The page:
British lawyer Karim Khan assumed his duties today, Wednesday, as Prosecutor of the International Criminal Court, succeeding Gambian Fatou Bensouda, inaugurating a complex task that includes the controversial investigation into Israeli violations in the occupied Palestinian territories, and other investigation files.
Karim Khan, 51, who was sworn in today to formally assume office for a nine-year term, has pledged to improve performance by referring only cases with strong arguments to trial. Khan was elected Prosecutor of the International Criminal Court last February in New York by the signatories to the Rome Statute.
Khan was a lawyer and a human rights specialist before being chosen as the prosecutor of the court, holding the position of Assistant Secretary-General of the United Nations. He was assigned to lead the United Nations investigation into the crimes of the Islamic State. The man also defended several personalities before the International Criminal Court, especially Saif al-Islam Gaddafi, son of the leader. Former Libyan Muammar Gaddafi.
Great Power Opposition
The new attorney general will face the opposition of major powers that refused to join the court, led by the United States and China, although Karim Khan can benefit from the presence of a less confrontational US administration than the administration of former President Donald Trump, who imposed sanctions on Fatou Bensouda, after it decided to consider allegations US forces committed war crimes in Afghanistan.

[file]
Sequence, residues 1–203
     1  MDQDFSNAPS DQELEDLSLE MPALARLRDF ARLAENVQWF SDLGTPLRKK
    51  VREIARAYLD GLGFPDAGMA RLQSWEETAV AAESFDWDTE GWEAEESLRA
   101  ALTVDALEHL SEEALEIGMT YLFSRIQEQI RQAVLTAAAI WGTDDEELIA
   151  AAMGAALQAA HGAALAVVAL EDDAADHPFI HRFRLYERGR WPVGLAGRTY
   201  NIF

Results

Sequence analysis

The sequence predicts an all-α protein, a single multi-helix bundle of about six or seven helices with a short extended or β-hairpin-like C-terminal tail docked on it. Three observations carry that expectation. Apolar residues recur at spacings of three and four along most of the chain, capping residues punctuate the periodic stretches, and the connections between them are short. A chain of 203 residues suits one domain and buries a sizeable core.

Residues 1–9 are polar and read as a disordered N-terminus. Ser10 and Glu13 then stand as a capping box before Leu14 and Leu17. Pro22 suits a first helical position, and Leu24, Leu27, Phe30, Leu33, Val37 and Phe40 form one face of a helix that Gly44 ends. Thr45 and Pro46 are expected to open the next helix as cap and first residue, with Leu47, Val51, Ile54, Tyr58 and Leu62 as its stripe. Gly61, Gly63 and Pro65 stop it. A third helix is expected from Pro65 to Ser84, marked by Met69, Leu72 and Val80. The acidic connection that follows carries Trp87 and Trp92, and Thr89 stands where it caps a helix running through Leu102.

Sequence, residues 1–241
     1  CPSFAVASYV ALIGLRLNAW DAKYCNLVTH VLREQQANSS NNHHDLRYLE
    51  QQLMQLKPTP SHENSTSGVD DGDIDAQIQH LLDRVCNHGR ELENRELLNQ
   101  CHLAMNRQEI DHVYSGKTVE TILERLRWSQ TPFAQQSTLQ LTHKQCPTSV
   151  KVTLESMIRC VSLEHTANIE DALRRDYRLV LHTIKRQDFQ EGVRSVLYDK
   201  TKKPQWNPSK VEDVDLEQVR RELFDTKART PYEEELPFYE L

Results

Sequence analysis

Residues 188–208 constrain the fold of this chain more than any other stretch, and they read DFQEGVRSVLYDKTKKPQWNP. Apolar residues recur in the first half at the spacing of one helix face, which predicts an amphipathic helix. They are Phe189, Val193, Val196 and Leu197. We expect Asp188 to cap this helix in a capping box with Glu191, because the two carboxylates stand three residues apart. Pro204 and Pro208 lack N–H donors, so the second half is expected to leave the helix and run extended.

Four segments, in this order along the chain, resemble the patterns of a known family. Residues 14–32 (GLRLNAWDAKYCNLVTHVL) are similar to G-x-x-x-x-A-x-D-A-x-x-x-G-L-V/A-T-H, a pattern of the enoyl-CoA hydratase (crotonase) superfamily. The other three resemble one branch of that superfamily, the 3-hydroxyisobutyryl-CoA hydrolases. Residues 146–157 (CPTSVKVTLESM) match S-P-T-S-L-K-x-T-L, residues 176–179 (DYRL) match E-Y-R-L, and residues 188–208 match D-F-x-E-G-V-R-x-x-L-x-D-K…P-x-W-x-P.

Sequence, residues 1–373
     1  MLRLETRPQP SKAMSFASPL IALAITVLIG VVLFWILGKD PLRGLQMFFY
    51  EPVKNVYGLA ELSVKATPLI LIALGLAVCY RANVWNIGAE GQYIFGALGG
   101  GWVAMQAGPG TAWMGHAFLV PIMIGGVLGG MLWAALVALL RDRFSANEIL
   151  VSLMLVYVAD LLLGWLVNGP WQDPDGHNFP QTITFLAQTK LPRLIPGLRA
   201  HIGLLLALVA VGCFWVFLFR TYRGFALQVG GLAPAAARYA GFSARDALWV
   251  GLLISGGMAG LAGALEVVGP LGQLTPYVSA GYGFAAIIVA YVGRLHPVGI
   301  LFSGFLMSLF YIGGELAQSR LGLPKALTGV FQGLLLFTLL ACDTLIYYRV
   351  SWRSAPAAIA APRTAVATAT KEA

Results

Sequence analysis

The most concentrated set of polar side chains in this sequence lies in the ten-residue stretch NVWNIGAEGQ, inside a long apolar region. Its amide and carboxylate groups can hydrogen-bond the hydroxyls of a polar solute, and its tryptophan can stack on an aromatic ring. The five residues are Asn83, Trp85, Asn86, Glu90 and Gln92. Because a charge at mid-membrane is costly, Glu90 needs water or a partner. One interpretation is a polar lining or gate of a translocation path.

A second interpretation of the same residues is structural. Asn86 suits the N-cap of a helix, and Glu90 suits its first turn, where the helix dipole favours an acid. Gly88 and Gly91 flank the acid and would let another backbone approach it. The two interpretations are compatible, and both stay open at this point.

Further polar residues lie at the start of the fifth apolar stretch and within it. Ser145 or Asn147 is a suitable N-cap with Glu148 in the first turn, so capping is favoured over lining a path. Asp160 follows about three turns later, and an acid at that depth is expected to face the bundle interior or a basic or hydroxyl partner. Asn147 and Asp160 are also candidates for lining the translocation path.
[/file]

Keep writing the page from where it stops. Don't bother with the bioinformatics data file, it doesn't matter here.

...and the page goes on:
Karsten Stein, professor of international criminal law at Leiden University in the Netherlands, said that “the International Criminal Court is at a crucial stage” after it faced many criticisms because it was not “at the level of effectiveness that the states parties would have desired.”
Shatan added that the court’s investigation into the Israeli-Palestinian file remains “politically charged.” Britain, a member of the court, opposed the investigation into this case.
Former Prosecutor General Bensouda, who held the post for nine years, was praised for expanding the scope of the ICC, although she has also faced failures in cases such as that of former Ivory Coast president Laurent Gbagbo.
Since its establishment in 2002, the International Criminal Court has indicted five men for war crimes and crimes against humanity, all of whom are militia leaders in Africa from the Democratic Republic of Congo, Mali and Uganda. Sentences ranged from nine to 30 years in prison, and prosecutors dropped at least three major cases, or failed to gather enough evidence in other cases to proceed with trial.